Widow's Social Security account shut down after office lists her as dead

Mistake corrected after News 6 gets involved

By Mike Holfeld - Investigative Reporter

Hours after Janet Roush’s husband lost his battle with cancer, she dutifully contacted the Social Security office by phone to file for benefits.

Larry Roush, 87, the man she loved for 52 years, died on Jan. 28 at 11 a.m. 

Roush told News 6 after she met with the funeral home, she called the Social Security office to apply for spousal benefits.

“I was on the phone for approximately an hour,’ Roush said. “He (the representative) asked me for my husband’s Social Security number, his address, where he was born, and he repeated everything to me.”

Roush said the conversation was tape recorded to verify the proper spelling of her name.

“He said I would receive a letter in three weeks telling you of what we’ve done today,” she recalled. “Then I went to Publix to buy a few groceries that I needed and my debit card was declined.”

That is when everything in Roush’s world started falling apart.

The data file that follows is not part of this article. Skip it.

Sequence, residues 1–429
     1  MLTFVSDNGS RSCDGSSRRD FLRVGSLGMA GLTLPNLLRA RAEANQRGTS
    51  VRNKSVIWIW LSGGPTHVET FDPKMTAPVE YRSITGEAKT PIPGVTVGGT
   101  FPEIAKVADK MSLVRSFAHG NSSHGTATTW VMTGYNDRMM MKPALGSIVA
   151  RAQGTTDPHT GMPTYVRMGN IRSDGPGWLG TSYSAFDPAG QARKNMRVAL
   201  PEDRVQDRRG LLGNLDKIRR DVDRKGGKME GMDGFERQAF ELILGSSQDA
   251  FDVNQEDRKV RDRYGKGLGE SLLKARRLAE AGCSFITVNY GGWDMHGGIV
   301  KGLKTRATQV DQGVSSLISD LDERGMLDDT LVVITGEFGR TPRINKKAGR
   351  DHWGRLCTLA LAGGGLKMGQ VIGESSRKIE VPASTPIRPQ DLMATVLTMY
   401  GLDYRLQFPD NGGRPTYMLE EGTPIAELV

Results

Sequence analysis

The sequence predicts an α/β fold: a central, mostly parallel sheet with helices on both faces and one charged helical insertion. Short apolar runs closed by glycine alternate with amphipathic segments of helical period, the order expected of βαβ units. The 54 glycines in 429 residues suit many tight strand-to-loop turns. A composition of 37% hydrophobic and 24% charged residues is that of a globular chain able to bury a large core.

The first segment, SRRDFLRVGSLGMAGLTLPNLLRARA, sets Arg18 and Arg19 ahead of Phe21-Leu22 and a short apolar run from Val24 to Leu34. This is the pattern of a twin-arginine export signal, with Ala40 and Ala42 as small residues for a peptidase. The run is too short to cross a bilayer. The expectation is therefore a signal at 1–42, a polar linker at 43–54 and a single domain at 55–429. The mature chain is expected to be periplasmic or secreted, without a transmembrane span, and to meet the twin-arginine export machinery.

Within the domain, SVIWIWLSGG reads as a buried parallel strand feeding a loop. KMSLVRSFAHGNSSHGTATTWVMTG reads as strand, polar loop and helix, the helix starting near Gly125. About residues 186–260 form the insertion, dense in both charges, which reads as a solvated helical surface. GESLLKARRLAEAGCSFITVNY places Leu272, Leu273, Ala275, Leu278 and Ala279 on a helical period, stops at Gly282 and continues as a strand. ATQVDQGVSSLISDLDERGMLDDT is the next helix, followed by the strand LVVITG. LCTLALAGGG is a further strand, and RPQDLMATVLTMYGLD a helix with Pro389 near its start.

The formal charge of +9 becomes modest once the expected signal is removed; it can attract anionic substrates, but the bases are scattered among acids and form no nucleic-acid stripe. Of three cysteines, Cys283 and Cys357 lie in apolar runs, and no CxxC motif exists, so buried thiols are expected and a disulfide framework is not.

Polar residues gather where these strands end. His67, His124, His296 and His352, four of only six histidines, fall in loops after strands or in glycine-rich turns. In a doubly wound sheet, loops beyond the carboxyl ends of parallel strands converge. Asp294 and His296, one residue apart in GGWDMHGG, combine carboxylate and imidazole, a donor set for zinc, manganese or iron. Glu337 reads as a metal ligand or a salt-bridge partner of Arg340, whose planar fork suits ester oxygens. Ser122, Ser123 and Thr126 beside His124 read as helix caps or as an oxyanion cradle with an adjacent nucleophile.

When she called her bank to find out what had happened, she  was told her account had been closed.

“They said Social Security says you and your husband are both dead, deceased,” she said. “I said, 'What are you talking about? I’m talking to you.'”

She was advised to “take the matter up” with the Social Security office. 

When she called to explain what had happened, she said they could not arrange a meeting until April 2.

She called News 6 Investigator Mike Holfeld to explain the confusion, in less than 24 hours a resolution was reached.

In a statement to News 6, Patti Patterson, regional communications director for the Social Security office in Atlanta said in part, "We reached out to Mrs. Roush and provided a status on her case."

According to Patterson, privacy protocol limits what she can share publicly.

Patterson did indicate that roughly 2.8 million deaths are reported to the Social Security Administration each year and their records “are highly accurate.”

“If a person suspects that they have been incorrectly listed as deceased on their Social Security record, they should visit their local Social Security office as soon as possible,” Patterson said..

They can locate their nearest Social Security office by clicking here

Because News 6 contacted the Social Security office, Roush's account was reopened in less than 24 hours after we contacted the agency.

“You definitely got results,” Roush said. “Thank you from the bottom of my heart, I wish I could talk to the whole world and tell them what you’ve done.”

Her grandchildren and great-grandchildren will join her for a special memorial service for her husband on Sunday.

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